(S. M. Degnan – Miami Herald) – The Hurricanes have their man. Temple coach Al Golden, 41, considered one of the rising young stars in his field, accepted the job Sunday as football coach at the University of Miami. His deal: five years at an undisclosed salary.
“Nobody has more energy, excitement, enthusiasm in this country than Coach Golden,” UM athletic director Kirby Hocutt said Sunday. “What he has done at Temple University is short of miraculous. He has taken a program that was at the bottom point of the football world and has built them to a respectable program and is going to do great things here at the University of Miami.”
Golden, who will be introduced at a news conference Monday night, resurrected a Temple program that for years was the doormat of the Big East, before the Big East kicked it out of the conference for not being competitive enough. He replaces former UM coach Randy Shannon, fired Nov. 27 after a 28-22 record in four seasons and a 7-5 regular-season record in 2010.
Hocutt said Golden was the only candidate offered the job. He beat out three other finalists: Connecticut coach Randy Edsall, Texas Tech coach Tommy Tuberville and Montreal Alouettes coach Marc Trestman. Golden earned about $550,000 annually at Temple but is expected to make up to $2 million a year at UM, according to the Associated Press.
A native of Colts Neck, N.J., Golden brought the Owls, now in the Mid-American Conference, from a 1-11 season in 2006 to 9-4 by 2009 and 8-4 this season, including a win over Fiesta Bowl-bound UConn. Before Golden arrived at Temple, the Owls had two winning seasons since 1980. Though his career record as a head coach is 27-34, Golden is 17-6 over his last 23 regular-season games.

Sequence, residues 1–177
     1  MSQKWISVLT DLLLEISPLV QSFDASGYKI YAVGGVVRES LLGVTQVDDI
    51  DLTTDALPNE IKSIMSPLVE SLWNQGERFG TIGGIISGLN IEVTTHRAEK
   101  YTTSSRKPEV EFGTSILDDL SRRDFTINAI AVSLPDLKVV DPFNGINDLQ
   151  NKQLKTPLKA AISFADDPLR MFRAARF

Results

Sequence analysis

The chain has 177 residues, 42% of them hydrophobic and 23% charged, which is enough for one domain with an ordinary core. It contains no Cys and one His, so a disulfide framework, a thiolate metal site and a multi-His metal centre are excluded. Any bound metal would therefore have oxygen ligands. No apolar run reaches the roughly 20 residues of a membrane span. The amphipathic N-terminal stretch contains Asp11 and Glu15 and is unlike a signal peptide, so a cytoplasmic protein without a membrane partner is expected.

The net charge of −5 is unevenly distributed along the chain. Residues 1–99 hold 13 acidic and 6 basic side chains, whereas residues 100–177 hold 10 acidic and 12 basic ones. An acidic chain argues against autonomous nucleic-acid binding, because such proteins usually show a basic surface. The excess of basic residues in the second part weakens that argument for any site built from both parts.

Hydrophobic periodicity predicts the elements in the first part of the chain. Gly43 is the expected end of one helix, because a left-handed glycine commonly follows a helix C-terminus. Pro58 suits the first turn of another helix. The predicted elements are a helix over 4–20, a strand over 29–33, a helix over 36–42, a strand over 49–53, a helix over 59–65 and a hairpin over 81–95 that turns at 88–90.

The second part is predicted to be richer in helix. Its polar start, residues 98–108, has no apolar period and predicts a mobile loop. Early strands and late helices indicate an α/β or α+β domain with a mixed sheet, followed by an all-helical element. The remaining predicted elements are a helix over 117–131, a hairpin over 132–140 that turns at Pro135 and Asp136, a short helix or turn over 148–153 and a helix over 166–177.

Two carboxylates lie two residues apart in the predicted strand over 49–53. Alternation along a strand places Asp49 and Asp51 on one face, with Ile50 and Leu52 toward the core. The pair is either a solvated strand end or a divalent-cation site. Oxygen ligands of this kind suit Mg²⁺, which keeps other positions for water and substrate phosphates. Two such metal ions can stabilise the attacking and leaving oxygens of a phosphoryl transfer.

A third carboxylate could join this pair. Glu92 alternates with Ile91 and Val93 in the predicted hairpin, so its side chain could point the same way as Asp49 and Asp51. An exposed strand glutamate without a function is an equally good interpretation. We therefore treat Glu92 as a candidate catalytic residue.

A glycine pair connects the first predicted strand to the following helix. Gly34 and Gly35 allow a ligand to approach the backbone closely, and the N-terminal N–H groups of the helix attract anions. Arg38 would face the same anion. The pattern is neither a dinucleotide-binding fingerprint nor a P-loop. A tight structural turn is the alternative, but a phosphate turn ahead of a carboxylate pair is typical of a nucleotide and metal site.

“He has learned, he’s grown, he’s developed, he’s ready for that next step,” Hocutt said of Golden, who became the second-youngest head coach in Division I-A when he took the Temple job at age 36 in December 2005. “He’s ready to come to a program that competes for and wins national championships.”
Temple athletic director Bill Bradshaw no doubt is sorry Golden is leaving, but heaped praise on his coach.
“Al Golden did not just win games at Temple, but he built a football program and he did it the right way,” Bradshaw said. “He engineered one of the most remarkable turnarounds in Division I history . . . and did it in a way that will last long after his departure.”
Admired for his passion, intelligence and tireless work ethic, Golden is thought of as an aggressive and energetic personality — and extremely talented recruiter. A disciplinarian, he is big on academic achievement and community service, two attributes for which Shannon was known.
The Owls had an Academic Performance Rate score of 858 four years ago. That number has risen to 926. He also has brought the NCAA’s Graduation Success Rate from a low of 47 percent to the current 56 percent.
“The pressure was enormous for [Kirby Hocutt] to come up with a good guy,” said CBS Sports national recruiting analyst Tom Lemming. “. . . Miami needed a good recruiter and could have really suffered, but they hit a home run. Al Golden, he’s as good as Nick Saban, Urban Meyer, Pete Carroll, Mack Brown and Jim Tressel, who I consider the top five recruiters in the country. He just never had the platform like he will at Miami . . .”
Golden played for Joe Paterno as a tight end at Penn State and has been often mentioned as a future candidate to replace Paterno when he retires. Temple lost to Penn State this season 22-13 on Sept. 25.
“We talked about that,” Hocutt said, when asked if he was concerned that Golden might leave early if he were offered the Penn State job. “There’s no doubt in my mind that he will be the head coach at the University of Miami long-term. Ask him the question [Monday] and hear his response. Al Golden is very loyal. He wants to be at [UM]. He wants to build this program back to the pinnacle of college football.”
Jeff Stoutland, UM’s interim head coach for the Sun Bowl, said Sunday that he’s known Golden for a long time.
“He’s a good coach,” Stoutland said. “He’s organized and an excellent recruiter.”
“He’s an excellent communicator, very organized and detail oriented and he’s inspirational,” Hocutt said. “He will inspire this football program to greatness.”
Miami Herald sportswriters Manny Navarro and Michelle Kaufman contributed to this report.
Source: Miami Herald